Not every request made in the MCA’s proposal is Chinese Malaysian-centric nor are they aimed at taking away what’s “due” to bumiputera. If these proposals can help weed out non-performers, increase business activity, generate growth, and make the economic pie bigger, shouldn’t Malaysians of all races be willing to consider them? These ideas are aimed at giving all Malaysians who can compete a fair chance to access opportunities. And for poor Malaysians, they aim to provide targeted aid instead of blanket subsidies which wrongly benefit the rich.
If the government were to reject these ideas because of pressure from right-wing groups, it will only discredit its own 1Malaysia motto. Why be a multiracial ruling coalition when you disregard solutions by component members?
Sekolah Menengah Hin Hua, an independent secondary school in Selangor
(public domain | Wiki Commons)
Chinese-language education, however, forms the bulk of the proposals and includes potentially sensitive points. One is an appeal to recognise the Unified Examination Certificate from independent secondary schools for public university entry. Doing so could worsen the already tight race for limited seats. Not doing so worsens the brain drain of talented Chinese-educated students.
Another point is a proposed new development policy to reserve land for one Chinese vernacular school for every high-density Chinese Malaysian area of at least 3,000 households.
Vernacular schools are a contentious and highly-politicised subject. Even among Chinese Malaysians, there is endless debate regarding their advantages and pitfalls. Some feel these schools drive a wedge between the races and are too rigid for young children. Others argue that vernacular education is protected by the Federal Constitution.
This should indicate to MCA that fighting for Chinese-language education alone is insufficient to win back its voter base. In fact, it may no longer be the main issue for Chinese Malaysians.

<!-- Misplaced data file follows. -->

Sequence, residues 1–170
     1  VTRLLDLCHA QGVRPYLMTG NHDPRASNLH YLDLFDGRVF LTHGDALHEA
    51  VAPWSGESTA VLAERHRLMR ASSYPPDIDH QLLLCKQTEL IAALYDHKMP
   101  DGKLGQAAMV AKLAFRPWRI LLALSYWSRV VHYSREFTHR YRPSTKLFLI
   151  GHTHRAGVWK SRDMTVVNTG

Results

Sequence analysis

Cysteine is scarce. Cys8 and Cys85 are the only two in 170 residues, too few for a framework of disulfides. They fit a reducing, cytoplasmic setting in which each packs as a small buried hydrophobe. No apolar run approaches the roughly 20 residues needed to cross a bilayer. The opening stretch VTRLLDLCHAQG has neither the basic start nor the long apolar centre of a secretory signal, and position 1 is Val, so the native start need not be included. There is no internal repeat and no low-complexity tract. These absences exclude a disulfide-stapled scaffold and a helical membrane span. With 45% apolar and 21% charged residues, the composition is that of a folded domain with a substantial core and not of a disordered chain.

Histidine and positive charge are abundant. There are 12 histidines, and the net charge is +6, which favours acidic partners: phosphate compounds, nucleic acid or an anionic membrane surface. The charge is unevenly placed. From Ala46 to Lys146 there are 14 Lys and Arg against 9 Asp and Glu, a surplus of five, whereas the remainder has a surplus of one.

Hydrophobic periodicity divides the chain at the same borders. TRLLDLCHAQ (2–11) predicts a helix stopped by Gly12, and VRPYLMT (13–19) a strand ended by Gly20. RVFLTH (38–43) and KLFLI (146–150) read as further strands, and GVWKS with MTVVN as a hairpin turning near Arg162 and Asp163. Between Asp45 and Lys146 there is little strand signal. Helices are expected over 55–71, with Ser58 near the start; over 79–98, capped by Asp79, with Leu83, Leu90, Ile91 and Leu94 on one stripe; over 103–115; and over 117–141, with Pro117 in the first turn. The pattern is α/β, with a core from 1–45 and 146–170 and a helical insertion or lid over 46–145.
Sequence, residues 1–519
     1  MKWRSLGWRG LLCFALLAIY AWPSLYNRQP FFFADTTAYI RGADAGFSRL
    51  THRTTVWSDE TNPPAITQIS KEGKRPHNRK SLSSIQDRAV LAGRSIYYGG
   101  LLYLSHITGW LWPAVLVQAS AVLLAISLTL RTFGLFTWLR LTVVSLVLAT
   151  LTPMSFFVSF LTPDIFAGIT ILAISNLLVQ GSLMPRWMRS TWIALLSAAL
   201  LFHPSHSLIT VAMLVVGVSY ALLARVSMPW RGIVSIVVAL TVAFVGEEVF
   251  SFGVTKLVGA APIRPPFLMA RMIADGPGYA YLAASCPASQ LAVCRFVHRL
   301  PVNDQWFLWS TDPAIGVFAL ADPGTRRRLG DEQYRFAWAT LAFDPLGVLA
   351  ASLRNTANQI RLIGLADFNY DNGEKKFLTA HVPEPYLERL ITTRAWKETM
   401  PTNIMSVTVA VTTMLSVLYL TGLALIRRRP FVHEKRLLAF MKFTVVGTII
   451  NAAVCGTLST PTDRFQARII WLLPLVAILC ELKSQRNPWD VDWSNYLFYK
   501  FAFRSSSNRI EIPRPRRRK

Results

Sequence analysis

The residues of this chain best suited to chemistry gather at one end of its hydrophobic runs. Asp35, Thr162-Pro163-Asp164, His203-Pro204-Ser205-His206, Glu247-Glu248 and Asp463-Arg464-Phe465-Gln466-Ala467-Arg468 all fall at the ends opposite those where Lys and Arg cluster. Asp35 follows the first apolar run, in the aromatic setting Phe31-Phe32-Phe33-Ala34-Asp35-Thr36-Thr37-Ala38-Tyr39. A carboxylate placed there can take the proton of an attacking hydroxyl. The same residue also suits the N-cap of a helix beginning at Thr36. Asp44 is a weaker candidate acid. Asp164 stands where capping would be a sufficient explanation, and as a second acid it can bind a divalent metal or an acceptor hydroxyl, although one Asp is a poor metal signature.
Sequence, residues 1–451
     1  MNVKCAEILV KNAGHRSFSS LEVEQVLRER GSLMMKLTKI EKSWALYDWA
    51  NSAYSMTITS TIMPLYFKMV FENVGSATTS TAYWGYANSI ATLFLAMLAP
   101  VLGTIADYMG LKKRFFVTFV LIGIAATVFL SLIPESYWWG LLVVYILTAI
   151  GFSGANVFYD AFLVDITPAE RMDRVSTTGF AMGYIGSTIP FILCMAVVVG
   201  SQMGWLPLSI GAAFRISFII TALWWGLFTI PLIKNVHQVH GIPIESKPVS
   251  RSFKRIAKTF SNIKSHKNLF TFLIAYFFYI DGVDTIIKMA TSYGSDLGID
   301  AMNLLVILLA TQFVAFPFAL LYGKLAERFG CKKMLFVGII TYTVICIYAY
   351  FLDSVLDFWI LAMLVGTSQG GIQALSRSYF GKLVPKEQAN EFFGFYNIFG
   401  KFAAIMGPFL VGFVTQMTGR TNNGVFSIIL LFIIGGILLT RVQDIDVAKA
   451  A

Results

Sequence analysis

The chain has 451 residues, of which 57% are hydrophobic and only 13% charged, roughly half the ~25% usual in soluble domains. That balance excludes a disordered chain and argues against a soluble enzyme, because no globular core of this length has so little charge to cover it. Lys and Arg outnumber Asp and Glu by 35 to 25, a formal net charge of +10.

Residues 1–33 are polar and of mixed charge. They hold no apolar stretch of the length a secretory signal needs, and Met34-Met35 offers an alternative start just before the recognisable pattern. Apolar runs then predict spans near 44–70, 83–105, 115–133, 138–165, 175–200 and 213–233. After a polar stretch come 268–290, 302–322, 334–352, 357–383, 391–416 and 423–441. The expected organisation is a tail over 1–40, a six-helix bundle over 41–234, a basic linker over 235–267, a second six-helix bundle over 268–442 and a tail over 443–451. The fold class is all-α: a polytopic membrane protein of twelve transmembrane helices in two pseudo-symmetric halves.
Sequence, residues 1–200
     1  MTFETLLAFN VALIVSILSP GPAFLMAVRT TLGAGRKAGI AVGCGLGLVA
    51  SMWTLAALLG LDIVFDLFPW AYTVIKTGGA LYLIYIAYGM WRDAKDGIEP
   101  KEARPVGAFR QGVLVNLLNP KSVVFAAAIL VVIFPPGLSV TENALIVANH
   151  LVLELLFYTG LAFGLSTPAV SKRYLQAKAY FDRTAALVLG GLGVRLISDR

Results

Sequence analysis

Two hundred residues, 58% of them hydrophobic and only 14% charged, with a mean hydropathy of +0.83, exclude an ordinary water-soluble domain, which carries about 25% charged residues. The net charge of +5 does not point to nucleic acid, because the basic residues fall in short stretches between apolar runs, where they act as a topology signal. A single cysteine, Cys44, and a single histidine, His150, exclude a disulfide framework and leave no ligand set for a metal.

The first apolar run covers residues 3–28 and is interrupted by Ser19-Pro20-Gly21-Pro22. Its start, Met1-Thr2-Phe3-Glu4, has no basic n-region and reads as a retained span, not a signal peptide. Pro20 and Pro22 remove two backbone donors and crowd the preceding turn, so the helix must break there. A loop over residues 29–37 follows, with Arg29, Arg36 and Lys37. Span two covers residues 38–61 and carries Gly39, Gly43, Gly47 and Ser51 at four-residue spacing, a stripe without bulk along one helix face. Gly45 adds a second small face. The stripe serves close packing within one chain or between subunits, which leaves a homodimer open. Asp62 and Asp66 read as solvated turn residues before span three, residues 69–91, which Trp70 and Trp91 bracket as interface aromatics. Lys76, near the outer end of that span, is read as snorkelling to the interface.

Chua’s new groove
Is publicly announcing bold proposals enough to win back Chinese Malaysian support? Damned if it does, and damned if it doesn’t, MCA under Chua is departing from the style of his predecessors to relegate sensitive issues to closed-door cabinet discussions.
Chua is asking voters to hold Najib’s administration accountable
Instead, Chua is speaking out, and by doing so, asking voters to hold Najib’s administration accountable. If MCA’s proposals aren’t adopted, he will at least be seen as having tried and failed, rather than not trying at all.
MCA would then do well to also press for reforms in public institutions, and in ethnic, religious, and political rights. It should strive to prove the relevance of its ideas to all Malaysians, and not be threatened by Umno counterparts to prove itself to Chinese Malaysians only. It should dispel the myth that Chinese Malaysians are “demanding”
more than their share.
MCA should show that what Chinese Malaysians want are things that can benefit all Malaysians. It should challenge the thinking in Umno that it is better to give up on winning back Chinese Malaysians and to focus instead on increasing the share of Malay Malaysian support. The consequence of taking this path is further communalism and polarisation. MCA can potentially check that by having an inclusive agenda for all Malaysians. Regardless of how well it wins in the next elections, it would have at least tried to dispel the current perception that race politics in Malaysia is a zero-sum game. And that counts for some progress.
Deborah Loh isn’t interested in parties that champion a narrow interest but is curious about those which can manage broad interests. It’s a better test of their principles, she believes.
Read previous Sideways columns